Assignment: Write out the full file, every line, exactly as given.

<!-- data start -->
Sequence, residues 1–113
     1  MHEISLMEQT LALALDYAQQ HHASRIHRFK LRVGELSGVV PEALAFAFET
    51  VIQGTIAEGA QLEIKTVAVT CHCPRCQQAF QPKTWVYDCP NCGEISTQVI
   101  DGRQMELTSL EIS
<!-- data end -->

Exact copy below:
Sequence, residues 1–113
     1  MHEISLMEQT LALALDYAQQ HHASRIHRFK LRVGELSGVV PEALAFAFET
    51  VIQGTIAEGA QLEIKTVAVT CHCPRCQQAF QPKTWVYDCP NCGEISTQVI
   101  DGRQMELTSL EIS